New Woodsdale VFD board recognized


The Person County Board of Commissioners unanimously adopted a resolution at its meeting Monday night to recognize the new Woodsdale Volunteer Fire Department Board of Directors, authorize county staff and attorney to provide assistance to this new board during this transition and a contract amendment with the department to provide limited funding.

County Attorney Ron Aycock explained the newest happenings of the Woodsdale Volunteer Fire Department decertification saga.

After John Link came to the commissioners meeting on Oct. 21 and requested that the board not make the proposed resolution, which was later tabled, Link was removed as president of the Woodsdale Volunteer Fire Department board of directors and replaced by vice president Laurie Dunn. Louie Marin became vice president and Link remains a member of the board.

Vice Chair Ray Jeffers asked if any progress had been made on items required by the department’s contract with the county.

“Do we have anything coming from you all to explain an audit form or records to show where the county’s $123,871 that was distributed to you all last year has been spent?” Jeffers asked.

former chief James Royster said the previous board is working with an auditor in Zebulon who is still working on getting that information together, but had not gotten back to them. When asked, Royster could not provide the name of the auditor.

Jeffers then made a motion to approve the resolution to work with the new board under Dunn.

In the discussion that followed, Aycock explained that any disputes between the old and new board would not be under the authority of the commissioners, only which board the commissioners decide to recognize, contract with and provide funds to.

“How can we contract with an old board who has received over $100,000 of the county’s taxpayer money when we have no idea how they went and spent it?” Jeffers said. “And then the state comes into a meeting and tells us that they’re not even meeting the certifications to be a department. We created a fire tax to help the citizens by providing these departments more money to lower their ISO rating and here we have a department that is threatening to lose the rating that they have. So, I don’t know how we can contract or work with anybody from that old board. And per their own bylaws, they didn’t even have a board. The bylaws say they have to have 12 and the chief tells you they didn’t have a community meeting to change those bylaws, so where are those 12 people?”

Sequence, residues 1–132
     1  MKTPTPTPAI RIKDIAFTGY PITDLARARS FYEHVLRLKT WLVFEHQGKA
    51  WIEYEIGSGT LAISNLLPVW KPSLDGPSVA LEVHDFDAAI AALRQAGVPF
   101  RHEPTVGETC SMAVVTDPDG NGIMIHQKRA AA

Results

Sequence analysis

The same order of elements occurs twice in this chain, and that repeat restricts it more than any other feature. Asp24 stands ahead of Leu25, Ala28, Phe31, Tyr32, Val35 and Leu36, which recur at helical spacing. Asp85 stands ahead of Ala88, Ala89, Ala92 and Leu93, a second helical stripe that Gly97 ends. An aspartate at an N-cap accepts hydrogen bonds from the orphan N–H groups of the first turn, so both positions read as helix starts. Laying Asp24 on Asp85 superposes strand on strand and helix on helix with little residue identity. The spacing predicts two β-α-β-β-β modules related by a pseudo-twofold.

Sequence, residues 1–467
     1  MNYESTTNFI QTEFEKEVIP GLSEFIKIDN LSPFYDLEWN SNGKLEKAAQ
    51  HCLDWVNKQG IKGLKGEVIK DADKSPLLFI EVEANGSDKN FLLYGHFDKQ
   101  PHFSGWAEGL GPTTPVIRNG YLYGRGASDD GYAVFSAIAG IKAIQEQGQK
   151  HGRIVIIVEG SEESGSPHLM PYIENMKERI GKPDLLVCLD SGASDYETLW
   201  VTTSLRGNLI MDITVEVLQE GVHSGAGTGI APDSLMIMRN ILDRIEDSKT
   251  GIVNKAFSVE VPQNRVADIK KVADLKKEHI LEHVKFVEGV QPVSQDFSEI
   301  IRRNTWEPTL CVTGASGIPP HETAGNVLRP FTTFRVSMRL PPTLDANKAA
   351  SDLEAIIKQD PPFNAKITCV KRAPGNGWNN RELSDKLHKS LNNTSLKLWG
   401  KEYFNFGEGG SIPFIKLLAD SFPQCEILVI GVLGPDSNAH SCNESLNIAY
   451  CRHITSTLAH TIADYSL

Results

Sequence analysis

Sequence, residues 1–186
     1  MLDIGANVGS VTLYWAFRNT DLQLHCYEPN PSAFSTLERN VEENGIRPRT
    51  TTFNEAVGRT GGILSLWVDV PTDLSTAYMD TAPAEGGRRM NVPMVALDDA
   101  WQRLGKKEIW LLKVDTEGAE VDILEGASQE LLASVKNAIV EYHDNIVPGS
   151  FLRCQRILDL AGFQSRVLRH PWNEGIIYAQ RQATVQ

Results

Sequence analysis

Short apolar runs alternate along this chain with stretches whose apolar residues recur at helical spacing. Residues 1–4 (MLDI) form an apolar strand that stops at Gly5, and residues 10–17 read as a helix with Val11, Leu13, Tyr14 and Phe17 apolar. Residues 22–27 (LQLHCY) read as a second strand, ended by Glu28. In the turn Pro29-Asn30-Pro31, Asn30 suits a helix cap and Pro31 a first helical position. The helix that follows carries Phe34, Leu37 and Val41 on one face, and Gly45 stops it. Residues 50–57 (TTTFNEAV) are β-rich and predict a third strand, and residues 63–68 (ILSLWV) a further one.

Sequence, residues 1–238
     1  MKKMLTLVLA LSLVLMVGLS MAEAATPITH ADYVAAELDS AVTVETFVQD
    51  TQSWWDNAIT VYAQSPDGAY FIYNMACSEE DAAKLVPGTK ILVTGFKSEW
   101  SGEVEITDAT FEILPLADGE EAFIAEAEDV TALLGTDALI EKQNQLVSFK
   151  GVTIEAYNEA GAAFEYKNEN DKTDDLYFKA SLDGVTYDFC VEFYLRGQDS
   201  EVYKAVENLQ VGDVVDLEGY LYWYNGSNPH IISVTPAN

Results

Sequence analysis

Chairman David Newell Sr. asked that the board hammer out as many facts as they could.

In their discussion, the commissioners and attorney reiterated that the department is in breach of its contract with the county, but the contract is not void. If the contract is void, the department will lose the 9s rating immediately. Aycock explained that if the resolution is passed, the contract still exists and the department is still in breach of the contract, but the appeal process is still ongoing and the department will have a 9s rating until the appeal is heard.

If the matter goes to court, the county would need to recognize the board that prevails.

Dunn addresses the board

Dunn was asked to approach the board and she reiterated that the new board has been elected with the purpose of carrying out the wishes of the community expressed at the Oct. 3 when the previous board was voted out.

Newell asked if the department has missed any calls to which Dunn said she didn’t know.

“We have repeatedly asked to meet with the former board and they have consistently refused to meet with us,” Dunn said. “There has been no information sharing. I have heard tell of medical calls going unanswered and I am unaware of any fire calls.”

The commissioners unanimously approved Jeffers’ motion.

Dunn explained the current situation to The Courier-Times.

She said that the state has sent acknowledgments of the appeal to both boards.

“The state has replied that they will comply with the request for discovery in some documents and we’re waiting on the notification of a hearing date,” Dunn said.

She said that the new board’s appeal should be the one heard by the state as they are now the officially recognized board of the Woodsdale Volunteer Fire Department.

Dunn said she doesn’t know what to expect in regard to the potential of a court battle over the department.

“That station has been in a severe state of distress for a while – I just don’t know what to expect,” she said.

According to community member Jessica Aguilar, the department has made strides toward compliance with the Office of the State Fire Marshal regulations.

“There are now 19 community members on the roster and certified instructors are now on the roster so that we can bring all of our volunteers up to state standards and hopefully surpassing minimum standards to best practice as far as certifications go,” Aguilar said. “We have members now on the roster who are familiar with the firehouse reporting so that we can report all calls to the state and those will be weekly so we can track our responding. Responder certification files are now being maintained. Individual responders are pushing certification and recertification and we are hoping to host those in house now that we have that capability.”


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